Juliana was kind enough to share with me a blog post she came across the other day entitled “Instagram and Architecture – A Case of the CN Tower.” For those of you who don’t know, Instagram is an app that let’s you share photos you take with the world. Much like Twitter and Facebook, it’s another form of social networking except it’s exclusively centered around photos and videos. The gentleman who authored the article, Sheraz Khan, decided to search Instagram for the hashtag (aka the pound key) “#cntower”. Doing this would pull up any and every photo that used this identifier. He then posed some interesting questions: “What parts of the monument are the most interesting? What do these buildings actually look like?” Essentially, he wondered how architects and urban planners could use pictures that people take to get an idea of how people view buildings and monuments. Can this information be used? Furthermore, can it be helpful?
Here’s my take on it…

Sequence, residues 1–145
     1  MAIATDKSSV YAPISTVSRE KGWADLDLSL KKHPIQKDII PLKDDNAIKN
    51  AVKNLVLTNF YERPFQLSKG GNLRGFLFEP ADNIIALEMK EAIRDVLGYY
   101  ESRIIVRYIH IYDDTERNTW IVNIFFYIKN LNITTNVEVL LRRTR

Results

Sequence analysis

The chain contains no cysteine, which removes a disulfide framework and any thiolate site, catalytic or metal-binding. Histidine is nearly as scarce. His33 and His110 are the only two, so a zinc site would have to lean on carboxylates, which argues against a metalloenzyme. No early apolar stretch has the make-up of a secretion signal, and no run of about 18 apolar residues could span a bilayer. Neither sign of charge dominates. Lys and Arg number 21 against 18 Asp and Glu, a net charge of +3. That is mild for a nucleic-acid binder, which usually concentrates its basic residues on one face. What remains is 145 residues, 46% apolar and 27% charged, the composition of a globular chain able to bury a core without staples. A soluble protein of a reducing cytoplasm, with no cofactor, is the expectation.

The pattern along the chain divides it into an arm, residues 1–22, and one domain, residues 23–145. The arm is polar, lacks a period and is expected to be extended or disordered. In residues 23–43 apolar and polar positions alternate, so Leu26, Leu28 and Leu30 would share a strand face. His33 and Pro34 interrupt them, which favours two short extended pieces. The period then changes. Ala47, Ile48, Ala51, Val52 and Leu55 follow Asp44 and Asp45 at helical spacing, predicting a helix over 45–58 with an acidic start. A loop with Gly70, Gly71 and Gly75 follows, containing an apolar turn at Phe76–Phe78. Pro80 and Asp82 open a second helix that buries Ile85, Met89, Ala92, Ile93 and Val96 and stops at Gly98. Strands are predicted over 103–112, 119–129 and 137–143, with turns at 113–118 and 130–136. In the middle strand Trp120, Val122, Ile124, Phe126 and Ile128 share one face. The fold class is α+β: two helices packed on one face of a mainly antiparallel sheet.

I, personally, never thought of using Instagram, and other iterations of social medium centered around photos, in this fashion. I think it is interesting to see HOW people view buildings but I don’t know of a way that architects and urban planners can use this effectively. I’m not seeing it yet. I don’t think these photos are telling architects something that they don’t already know. By nature, towers draw attention to themselves. This is nothing new. Architects have known this and they plan this. That’s why you 1) don’t see them everywhere and 2) when you do see them, they’re in strategic spots. That’s all a part of the site analysis portion of architectural programming that takes places before the pen even hits the paper. Same goes for domed buildings and other buildings that feature some unique physical characteristic. There are certain architectural elements that are intentionally designed and that’s based on where the building will be built. Architects also already know there the “important” sides are. They take into account which sides of the building faces a more public street or a private space and this factors into the design of that particular elevation. That’s also a part of site analysis. So, while I do think it’s interesting to see the many photos that people take of different spaces and buildings, I’m not certain that it’s telling architects and urban planners something they don’t already know.
What do you guys think? How should architects and urban planners use social media in their work? Can they???